There are short and long-haired varieties of the Scottish Folds.
The cats are medium-sized, but males are larger than the females. The former weighs between 9 and 13 pounds while the latter weigh between 6 and 9 pounds
The cat is affectionate, playful, and smart. They get along with children and other pets and fit right into any environment.
These cats easily grow attached to their family and thrive in the company of their human companions.
The cartilage impairment predisposes the cat to degenerative joint diseases in addition to extra dirt buildup and the creation of a bacteria-friendly environment in the ears.
Other possible health problems could include hypertrophic cardiomyopathy and polycystic kidney disorder, for which tests are available.
Their grooming needs depend on their hair length. Short-haired Folds need a weekly brushing while the long-haired ones can do with twice or thrice weekly brushing. They all require routine tooth-brushing, ear cleaning, nail clipping, and the occasional bath.
The Folds can come in a variety of color combinations and patterns
A Scottish Fold’s diet should mainly consist of meat. Foods containing grain, corn, starch, and fillers can upset your kitty’s stomach.
The Scottish Fold traces their origin back to Scotland. Susie, a fold-eared female farm cat, drew the attention of a shepherd called William Ross in 1961. Susie had kittens with a local tom; her kittens had the same distinctively-folded ears.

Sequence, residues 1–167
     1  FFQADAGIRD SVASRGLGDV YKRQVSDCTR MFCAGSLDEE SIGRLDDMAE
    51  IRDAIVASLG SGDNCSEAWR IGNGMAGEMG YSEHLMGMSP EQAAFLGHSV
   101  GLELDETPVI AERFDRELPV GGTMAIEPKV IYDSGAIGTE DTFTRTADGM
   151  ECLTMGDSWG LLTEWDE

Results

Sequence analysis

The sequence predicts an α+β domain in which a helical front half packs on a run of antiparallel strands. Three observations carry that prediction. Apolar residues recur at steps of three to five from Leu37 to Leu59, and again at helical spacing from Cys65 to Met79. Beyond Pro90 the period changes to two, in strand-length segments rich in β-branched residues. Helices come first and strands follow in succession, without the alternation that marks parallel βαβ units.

The shepherd took his interest a step further and used Snooks—a female kitten that he obtained from the farmer—to selectively develop the unique breed. He went further and registered the breed with the Governing Council of the Cat Fancy (GCCF) in Great Britain. This kick-started the breed that was originally referred to as lop-eared cats. It was later renamed Scottish Fold after the country of origin and their distinctive folded ears.
With the help of a geneticist, Pat Turner, Ross was able to breed several kittens within a short time. These litters had kittens with folded ears and others with straight ones. This led to the conclusion that the gene mutation was dominant, and so fold-eared kittens would result even if only one of the parents had folded ears.
Since then, the Folds are only crossed with straight-eared cats. This is because breeding two folded cats could lead to cats that are too impaired to walk normally. Susie also passed on the gene for long hair, which leads to the long-haired variety. The Scottish Folds are usually crossed with American Shorthairs and British Shorthairs.
By the 1970s, several cat associations in North America had recognized the breed. In 1971, GCCF withdrew registration due to concerns about genetic health issues associated with these cats’ folded ears and the impaired cartilage. The first Folds were exported into the United States in 1971. Several years later, the Cat Fanciers Association granted the breed championship status. No fore-mentioned infections and mite problems have been reported so far.